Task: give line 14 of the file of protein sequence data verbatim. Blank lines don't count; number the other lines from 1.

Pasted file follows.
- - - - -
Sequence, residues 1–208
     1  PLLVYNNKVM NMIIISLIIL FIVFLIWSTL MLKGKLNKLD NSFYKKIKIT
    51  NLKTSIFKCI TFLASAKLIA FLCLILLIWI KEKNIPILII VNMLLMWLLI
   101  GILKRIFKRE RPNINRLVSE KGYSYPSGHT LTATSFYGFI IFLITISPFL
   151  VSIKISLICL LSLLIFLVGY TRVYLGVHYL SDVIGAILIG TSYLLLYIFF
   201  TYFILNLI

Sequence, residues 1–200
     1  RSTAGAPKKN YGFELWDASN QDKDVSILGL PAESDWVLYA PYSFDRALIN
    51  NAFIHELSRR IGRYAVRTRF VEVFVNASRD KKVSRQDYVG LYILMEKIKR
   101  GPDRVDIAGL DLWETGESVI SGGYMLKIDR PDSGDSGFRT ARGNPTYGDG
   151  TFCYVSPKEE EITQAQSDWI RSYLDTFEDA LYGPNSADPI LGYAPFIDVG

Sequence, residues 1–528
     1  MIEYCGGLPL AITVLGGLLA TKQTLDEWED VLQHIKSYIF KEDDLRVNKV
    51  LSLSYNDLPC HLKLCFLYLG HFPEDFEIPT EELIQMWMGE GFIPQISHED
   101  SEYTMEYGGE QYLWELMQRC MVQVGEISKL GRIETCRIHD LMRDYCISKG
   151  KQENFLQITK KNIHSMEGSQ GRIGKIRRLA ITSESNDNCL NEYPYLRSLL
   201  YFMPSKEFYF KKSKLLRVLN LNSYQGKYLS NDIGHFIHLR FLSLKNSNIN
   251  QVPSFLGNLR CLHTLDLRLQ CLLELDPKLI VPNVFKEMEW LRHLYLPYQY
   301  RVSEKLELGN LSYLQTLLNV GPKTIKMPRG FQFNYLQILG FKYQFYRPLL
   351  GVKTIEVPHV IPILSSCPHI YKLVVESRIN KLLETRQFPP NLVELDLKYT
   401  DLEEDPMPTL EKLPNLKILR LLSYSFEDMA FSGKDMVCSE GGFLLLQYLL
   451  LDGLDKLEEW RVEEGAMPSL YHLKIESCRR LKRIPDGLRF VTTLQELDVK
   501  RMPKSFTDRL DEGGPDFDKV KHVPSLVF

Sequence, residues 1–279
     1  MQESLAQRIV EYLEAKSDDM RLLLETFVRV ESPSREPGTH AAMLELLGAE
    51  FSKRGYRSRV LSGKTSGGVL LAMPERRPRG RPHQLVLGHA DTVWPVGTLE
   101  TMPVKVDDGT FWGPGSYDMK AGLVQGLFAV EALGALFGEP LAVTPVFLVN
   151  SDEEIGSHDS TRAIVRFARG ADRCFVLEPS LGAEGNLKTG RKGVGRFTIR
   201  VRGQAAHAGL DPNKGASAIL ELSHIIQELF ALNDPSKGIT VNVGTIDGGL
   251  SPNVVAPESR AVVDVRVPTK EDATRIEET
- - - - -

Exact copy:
    51  LSLSYNDLPC HLKLCFLYLG HFPEDFEIPT EELIQMWMGE GFIPQISHED